I think polarized agile community to agile business and agile hippies derailed original intention to improve organizational performance through new techniques and people engagement. We have many trainers and “heads of transformations”, who never read any book about agile. And second big problem is that too many organizations are just branches of big multinationals hunting for cheap resources for auxiliary works, so innovation and improvement is in fact not required. When Agile became popular, they wanted it too, in a cheap form without training and practicing, expecting miracle, but unable even verbalize what the miracle should look like to recognize it when they get it. And finally, success is “expressed” by measures fit for orange paradigm and not green or teal (using Laloux’s color coding). M.

    1. Michael, thank you. I agree with a lot of what you wrote. While I have read Laloux’s book, the colors don’t stick with me. I’m more apt to use Schneider’s 4 quadrants.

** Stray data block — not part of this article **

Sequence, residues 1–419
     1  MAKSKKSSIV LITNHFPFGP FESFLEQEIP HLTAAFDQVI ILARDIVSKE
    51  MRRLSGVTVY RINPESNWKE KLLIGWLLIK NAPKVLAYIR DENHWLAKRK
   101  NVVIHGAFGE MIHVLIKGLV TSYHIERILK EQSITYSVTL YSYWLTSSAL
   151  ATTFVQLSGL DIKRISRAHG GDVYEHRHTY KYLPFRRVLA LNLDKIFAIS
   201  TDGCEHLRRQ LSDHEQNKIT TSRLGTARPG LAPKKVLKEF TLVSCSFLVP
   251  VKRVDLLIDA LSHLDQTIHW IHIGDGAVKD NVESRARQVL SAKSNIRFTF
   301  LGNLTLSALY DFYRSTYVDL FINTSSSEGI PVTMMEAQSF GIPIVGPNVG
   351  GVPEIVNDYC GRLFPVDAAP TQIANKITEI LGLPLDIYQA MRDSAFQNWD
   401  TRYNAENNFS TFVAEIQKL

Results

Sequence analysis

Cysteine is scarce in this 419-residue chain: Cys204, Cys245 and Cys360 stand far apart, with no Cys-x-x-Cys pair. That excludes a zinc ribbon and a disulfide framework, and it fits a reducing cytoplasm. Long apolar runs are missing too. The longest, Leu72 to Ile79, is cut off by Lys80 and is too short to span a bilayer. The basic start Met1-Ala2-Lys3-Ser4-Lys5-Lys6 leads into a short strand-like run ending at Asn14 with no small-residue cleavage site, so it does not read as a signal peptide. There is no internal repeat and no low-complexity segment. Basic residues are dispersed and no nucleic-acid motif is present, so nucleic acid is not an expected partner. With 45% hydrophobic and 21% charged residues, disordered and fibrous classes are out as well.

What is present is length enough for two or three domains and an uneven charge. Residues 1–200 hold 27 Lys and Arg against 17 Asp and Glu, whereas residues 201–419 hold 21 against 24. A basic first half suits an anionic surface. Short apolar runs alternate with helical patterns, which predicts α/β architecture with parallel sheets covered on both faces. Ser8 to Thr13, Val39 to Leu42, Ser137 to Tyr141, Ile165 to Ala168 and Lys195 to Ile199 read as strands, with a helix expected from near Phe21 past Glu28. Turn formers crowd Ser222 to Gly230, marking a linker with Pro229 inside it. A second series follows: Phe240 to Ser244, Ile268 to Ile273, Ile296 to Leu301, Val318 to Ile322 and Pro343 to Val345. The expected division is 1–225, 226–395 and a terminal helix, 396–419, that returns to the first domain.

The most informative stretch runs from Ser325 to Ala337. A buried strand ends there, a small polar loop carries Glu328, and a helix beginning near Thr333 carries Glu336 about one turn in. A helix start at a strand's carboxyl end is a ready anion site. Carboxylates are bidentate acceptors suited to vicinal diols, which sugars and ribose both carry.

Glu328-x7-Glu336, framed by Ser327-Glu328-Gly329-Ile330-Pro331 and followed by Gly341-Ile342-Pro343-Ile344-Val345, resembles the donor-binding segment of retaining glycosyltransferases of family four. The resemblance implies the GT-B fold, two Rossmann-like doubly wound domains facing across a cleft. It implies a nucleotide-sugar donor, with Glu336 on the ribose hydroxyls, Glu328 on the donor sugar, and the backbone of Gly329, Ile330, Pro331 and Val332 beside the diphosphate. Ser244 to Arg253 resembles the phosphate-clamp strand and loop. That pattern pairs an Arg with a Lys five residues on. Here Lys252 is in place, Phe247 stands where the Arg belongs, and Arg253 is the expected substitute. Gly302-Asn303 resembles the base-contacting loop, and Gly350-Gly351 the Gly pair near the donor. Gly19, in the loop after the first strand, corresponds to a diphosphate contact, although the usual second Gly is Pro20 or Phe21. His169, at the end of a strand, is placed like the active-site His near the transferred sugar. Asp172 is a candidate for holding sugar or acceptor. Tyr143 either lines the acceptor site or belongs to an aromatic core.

As to what you said about trainers, heads of transformation etc not even reading any books about what an agile approach is or even about lean thinking? Oh yes. That occurs way too often.

      I don’t have a problem with people hiring others all over the world. I wrote a book about how to be successful in a distributed agile team. I do have a problem with attempting to shift work from “expensive” to “cheap” labor. When you ignore the cycle time for the work, you can’t achieve the cost savings you want.

      I see much of this as a failure of management. Just as I would expect programmers and testers to build their technical and interpersonal skills, I expect managers to build their management skills (and interpersonal! skills). I see too many people focused on the short-term and ignoring the long-term.

  2. Collaborate on the work, as a team.
    – I agree. Unfortunately management systems are designed to reward the individual. I have suffered in my career for caring more about the team than in promoting myself.